The month of May will see the beginning of schoolwide testing with the Common Exams in Social Studies (all grades), Science (6th and 7th) and the 8th grade Science EOG.  The Common Exams are new exams by the state and will be given in all core subjects where there is not an EOG.  We will also have the Algebra EOC and finally Math and Reading EOGs.  Man, it's getting warm in here.

So, knowing that the heat would come we have spent the year preparing, studying, quizzing and testing.  Students are reading, writing, quoting and researching to make sure they can stay "cool" when the heat comes.  Teachers have planned, tested, quizzed, talked and tutored students throughout the school year to give them the "air conditioning" they need to be ready for the heat.  We have stressed being at school and being prepared because we knew summer would come even when we were in the grip of icy winter.  AMS knows how to prepare!

Well.  Summer is here and don't let the temperatures fool's hot.  Parents, students, staff have worked all school year to make sure we can stay "cool" when the end of year test come around.  I know you are ready for the beach, pools, the mall and some free time...and the end of year heat.

I need you to say it with know how we do it in this neck of the woods...Go Knights!!

Wednesday, November 28, 2012

21st Century Skills

"We cannot allow these implements of destruction into our schools! Students will deface property, engage in unsavory activities and generally create chaos!" This opinion was expressed about pencils in the early 1900's. Imagine school today without pencils and pens. The tool once thought to be a problem is now a key part of learning. I see the same thing happening with digital technology. Computers, phones and mobile devices are rapidly changing not only the way we teach but how students learn. No. We cannot get rid of paper and pencils but we do need to make room for activities that will help our students master the increasing demands for rapid problem identification, solving and analysis many careers demand today. Yes. We have new "pencils" and we will have to change but what else is new?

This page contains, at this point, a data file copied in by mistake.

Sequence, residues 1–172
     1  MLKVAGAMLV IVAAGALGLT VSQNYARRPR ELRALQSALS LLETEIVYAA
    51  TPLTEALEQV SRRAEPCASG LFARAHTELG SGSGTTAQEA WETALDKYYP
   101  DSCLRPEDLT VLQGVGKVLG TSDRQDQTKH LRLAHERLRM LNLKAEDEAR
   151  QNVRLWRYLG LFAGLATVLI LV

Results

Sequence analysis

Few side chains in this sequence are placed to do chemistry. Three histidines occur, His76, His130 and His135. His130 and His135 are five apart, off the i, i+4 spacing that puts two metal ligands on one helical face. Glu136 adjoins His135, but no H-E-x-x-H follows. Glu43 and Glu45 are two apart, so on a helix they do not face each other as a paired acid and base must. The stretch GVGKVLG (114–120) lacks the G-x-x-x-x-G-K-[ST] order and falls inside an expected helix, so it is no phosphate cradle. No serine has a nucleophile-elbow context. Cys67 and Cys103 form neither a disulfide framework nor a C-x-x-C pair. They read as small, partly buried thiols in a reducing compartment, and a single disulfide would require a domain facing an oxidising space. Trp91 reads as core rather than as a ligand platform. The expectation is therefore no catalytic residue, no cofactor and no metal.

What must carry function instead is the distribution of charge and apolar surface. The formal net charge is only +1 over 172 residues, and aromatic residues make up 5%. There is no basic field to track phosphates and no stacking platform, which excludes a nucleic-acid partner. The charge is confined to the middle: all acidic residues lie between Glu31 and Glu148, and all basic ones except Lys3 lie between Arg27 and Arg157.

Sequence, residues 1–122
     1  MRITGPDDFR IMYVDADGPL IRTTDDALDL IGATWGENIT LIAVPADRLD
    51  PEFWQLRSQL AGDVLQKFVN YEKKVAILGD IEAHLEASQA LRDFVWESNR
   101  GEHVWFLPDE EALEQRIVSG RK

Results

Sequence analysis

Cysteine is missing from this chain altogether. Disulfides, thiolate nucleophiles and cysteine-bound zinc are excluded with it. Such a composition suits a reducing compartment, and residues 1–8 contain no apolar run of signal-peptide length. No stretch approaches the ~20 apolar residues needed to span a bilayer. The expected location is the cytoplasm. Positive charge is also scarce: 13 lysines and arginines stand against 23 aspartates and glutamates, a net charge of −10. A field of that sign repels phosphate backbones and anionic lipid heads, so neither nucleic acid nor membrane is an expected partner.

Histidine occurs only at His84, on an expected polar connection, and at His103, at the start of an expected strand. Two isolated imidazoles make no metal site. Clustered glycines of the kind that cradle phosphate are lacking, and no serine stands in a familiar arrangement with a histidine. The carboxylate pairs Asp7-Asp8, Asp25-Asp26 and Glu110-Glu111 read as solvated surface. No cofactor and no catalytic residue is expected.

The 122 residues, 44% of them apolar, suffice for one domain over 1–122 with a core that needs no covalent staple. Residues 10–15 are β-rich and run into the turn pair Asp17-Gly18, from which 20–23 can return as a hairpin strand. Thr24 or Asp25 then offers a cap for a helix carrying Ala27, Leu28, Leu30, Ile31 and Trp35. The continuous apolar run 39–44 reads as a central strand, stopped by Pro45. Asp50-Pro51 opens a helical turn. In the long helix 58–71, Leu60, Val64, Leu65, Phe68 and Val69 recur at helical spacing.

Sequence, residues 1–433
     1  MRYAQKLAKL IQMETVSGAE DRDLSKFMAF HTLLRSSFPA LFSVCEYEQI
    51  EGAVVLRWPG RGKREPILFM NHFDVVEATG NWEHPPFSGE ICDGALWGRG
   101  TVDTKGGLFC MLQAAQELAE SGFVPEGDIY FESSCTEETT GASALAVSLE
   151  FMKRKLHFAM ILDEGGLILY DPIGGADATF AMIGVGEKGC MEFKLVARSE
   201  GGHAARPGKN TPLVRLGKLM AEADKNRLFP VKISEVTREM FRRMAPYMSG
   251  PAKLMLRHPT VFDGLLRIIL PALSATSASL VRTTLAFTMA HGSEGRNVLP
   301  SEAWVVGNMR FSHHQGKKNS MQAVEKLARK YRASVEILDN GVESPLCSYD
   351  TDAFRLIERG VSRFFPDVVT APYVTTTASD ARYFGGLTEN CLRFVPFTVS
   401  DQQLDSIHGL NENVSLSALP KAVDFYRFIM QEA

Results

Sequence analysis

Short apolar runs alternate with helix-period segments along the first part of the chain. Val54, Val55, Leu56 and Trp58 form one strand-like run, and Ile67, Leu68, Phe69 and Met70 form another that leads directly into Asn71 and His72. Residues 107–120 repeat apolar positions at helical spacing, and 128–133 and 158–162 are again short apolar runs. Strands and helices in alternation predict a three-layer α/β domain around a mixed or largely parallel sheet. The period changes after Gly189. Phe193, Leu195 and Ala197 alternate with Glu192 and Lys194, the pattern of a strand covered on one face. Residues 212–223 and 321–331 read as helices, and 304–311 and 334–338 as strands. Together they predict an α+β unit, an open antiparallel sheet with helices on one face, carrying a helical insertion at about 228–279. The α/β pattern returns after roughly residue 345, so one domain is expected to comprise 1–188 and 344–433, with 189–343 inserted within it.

Think of it this way. How would you like to go to a dentist who refuses to use modern techniques because what he or she learned in the 1960’s still works? Hanging on to the past is a great idea for classic cars and rock but not for education. Let's get together and reflect on failures and successes with new methods and tools. Afterall, many of the things we do now will be looked on as ancient and the very near future!

Sunday, November 18, 2012

Let's get writing!

One of the great things about teaching English is when a student works hard and produces a great piece of writing.  Here's a link to help teachers and parents understand and help with the writing process.  Language Arts Podcasts